Parents struggling to cope with their violent autistic children are not being properly supported by local authorities, the National Autistic Society says.
For some, a violent outburst can be a daily occurrence.
“I’m scared of him. You live on a knife edge. You don’t know what’s coming next,” Lucy Goldsworthy told the BBC’s Victoria Derbyshire programme.
She has previously been left with a split lip and bruising following her son Elliot’s violent outbursts, while her husband Ian has been left with a scratched cornea.
Twelve-year-old Elliot has autism and learning difficulties which, in his case, means he is unable to speak.
His condition requires round-the-clock care and he does not understand the effects of his actions.
Ian and Lucy say their son became violent and aggressive from the age of five.
At his current age, he is becoming increasingly difficult to control.
“If it was a toddler, having a huge tantrum, scratching and kicking you, you can manage it better,” Lucy says.
“Whereas when Elliot does it, it’s like a small man suddenly attacking you.
“He’s still only violent 5% of the time – but the consequences of that violence are getting worse and worse.”
Ian and Lucy have had to put bars across the window in Elliot’s bedroom and locks on the door to help keep him – and their other children – safe.
“You kind of get used to your child’s bedroom looking like a cell of some kind,” Ian says.
Elliot attends a special school, but the couple say they do not get enough specialist support from their local council.
“You have to get to the point where one of you is hospitalised or you’ve had to call the police out [for help to arrive],” they say.
For its part, the family’s local authority, Hertfordshire County Council, says it does provide a range of care support and is deciding if more help is needed.
One woman who wished to remain anonymous, “Sam”, says she “cried and cried” for help from her local authority to look after her teenage son.
She had hoped that one incident, which required her to have a head wound glued after he became violent, would act as a “turning point”.
“At first I got a bit of help,” she says, before claiming that the council later tried to “wash their hands” of her – providing her with 48 hours’ worth of support a year.
What services can families expect?
- Assessment of the problems that may provoke challenging behaviour
- A care plan outlining steps needed to manage it
- Help to increase structure and minimise unpredictability
- If all else fails, anti-psychotic medication can be considered
Information from NICE Guidelines for health and social care professionals
One 2011 study, of nearly 1,400 children with autism in the US, found more than half were aggressive or violent towards their families or carers.
Tim Nicholls, from the National Autistic Society, believes parents and families need more support “to help them avoid or de-escalate challenging behaviour”.
“Some examples of this would be helping them with positive behavioural strategies or respite for the young person,” he adds.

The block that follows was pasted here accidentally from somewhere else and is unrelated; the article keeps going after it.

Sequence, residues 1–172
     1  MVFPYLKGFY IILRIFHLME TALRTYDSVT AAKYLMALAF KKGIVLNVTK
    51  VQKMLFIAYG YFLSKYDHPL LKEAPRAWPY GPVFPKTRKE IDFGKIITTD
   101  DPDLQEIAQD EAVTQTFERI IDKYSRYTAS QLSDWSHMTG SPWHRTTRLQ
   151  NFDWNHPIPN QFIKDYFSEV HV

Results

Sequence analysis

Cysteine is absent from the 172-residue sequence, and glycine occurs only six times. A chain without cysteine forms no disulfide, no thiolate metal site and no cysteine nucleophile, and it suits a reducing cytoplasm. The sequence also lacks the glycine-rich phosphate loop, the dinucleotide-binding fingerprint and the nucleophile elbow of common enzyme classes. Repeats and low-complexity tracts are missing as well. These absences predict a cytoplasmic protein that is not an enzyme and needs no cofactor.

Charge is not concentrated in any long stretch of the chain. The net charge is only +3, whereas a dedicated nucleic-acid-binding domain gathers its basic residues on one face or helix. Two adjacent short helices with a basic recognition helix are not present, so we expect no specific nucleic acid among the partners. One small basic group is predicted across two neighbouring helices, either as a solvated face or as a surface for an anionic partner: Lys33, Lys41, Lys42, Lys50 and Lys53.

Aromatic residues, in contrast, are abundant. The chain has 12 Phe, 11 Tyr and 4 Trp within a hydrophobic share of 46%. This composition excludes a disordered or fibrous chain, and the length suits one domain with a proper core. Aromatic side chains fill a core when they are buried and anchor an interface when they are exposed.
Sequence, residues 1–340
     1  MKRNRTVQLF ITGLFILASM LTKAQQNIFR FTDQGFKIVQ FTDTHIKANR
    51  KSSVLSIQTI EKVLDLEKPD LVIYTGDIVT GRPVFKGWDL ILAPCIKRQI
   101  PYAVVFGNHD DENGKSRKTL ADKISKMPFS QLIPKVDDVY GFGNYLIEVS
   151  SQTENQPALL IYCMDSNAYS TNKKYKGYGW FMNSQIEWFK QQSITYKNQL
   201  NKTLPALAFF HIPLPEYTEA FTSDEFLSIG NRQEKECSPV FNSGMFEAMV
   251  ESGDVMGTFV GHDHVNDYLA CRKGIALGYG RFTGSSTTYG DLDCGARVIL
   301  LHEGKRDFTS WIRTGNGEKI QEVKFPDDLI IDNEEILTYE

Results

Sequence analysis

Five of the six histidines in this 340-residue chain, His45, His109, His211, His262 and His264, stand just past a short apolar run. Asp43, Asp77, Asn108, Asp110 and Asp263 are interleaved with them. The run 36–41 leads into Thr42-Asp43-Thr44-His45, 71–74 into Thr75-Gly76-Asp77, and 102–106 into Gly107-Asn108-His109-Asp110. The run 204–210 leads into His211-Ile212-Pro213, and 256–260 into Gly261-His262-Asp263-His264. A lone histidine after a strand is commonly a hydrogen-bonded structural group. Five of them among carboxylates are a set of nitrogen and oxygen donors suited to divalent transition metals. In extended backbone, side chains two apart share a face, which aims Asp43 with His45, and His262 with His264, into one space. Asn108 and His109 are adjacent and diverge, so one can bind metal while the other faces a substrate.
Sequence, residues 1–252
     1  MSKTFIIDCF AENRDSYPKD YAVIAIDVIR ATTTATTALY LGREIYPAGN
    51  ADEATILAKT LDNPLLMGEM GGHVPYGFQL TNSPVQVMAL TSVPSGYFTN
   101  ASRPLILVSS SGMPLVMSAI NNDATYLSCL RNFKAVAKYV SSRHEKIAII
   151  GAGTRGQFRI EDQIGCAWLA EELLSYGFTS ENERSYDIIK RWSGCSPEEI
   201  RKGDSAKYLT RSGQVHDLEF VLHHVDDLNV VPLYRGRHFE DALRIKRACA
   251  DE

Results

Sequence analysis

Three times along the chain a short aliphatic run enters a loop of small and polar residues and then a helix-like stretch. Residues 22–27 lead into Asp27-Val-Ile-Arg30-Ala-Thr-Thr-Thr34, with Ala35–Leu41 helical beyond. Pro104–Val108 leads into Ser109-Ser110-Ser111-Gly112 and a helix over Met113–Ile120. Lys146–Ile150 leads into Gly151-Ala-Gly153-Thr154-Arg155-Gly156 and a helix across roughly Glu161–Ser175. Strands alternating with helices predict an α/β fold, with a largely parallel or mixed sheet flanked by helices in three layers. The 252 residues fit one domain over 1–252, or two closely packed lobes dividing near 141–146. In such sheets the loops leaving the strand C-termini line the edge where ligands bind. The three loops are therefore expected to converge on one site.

Mr Nicholls is calling on local authorities and NHS England to improve the care they provide.
“If children are not having their needs met, then they are being failed,” he says.
“We need a special educational needs and disabilities system that identifies all the needs of autistic children, then puts in place the support and the services to allow them to live the life that they and their families want to live.”
‘His nature is gentle’
Nineteen-year-old Cameron is one of 700,000 people in the UK on the autism spectrum.
He was diagnosed at the age of three.
“Sometimes you don’t know how Cameron’s going to react and it is very scary,” says his father, Doug Clements.
“The [other] children have to lock themselves in the room because they are so scared.”
At the moment, Cameron goes to a specialist centre each day.
However, life at home has become very difficult, and his parents are currently looking for a residential care home for him, run by the local authority for children and vulnerable adults, close to their own home in Surrey.
His mother, Hannah, says the family can no longer manage Cameron’s behaviour.
“It’s really upsetting, because I love him so much,” she says.
“I don’t want people to be scared of him, because his nature is gentle.
“I feel sorry for him because he’s frustrated, and he can’t tell me why or other people why.”
Hannah says in the last six years, they have had “no direction at all” from support services, but Surrey County Council said it continued to offer respite care and day support to the family.
‘Gone to bed sobbing’
NHS England says it has “set out a clear programme” for those with learning difficulties and autism to “enable more people to live in the community, with the right support, and close to home”.
However, the Local Government Association says that while “councils are working hard to make sure children with autism and other special needs get access to the support they need… they have been put in an impossible situation due to increasing demand and historic underfunding”.
Elliot Goldsworthy’s parents believe their need for support will only become greater as their son gets older.
“We’ve definitely had moments when we’ve gone to bed sobbing, and despairing at how this is our life,” says Ian.
“But you can’t wallow in it too long, because you’ve got exactly the same life the next day.”
Watch the Victoria Derbyshire programme on weekdays between 09:00 and 11:00 on BBC Two and the BBC News Channel.
Read more: http://www.bbc.co.uk/news/education-41597815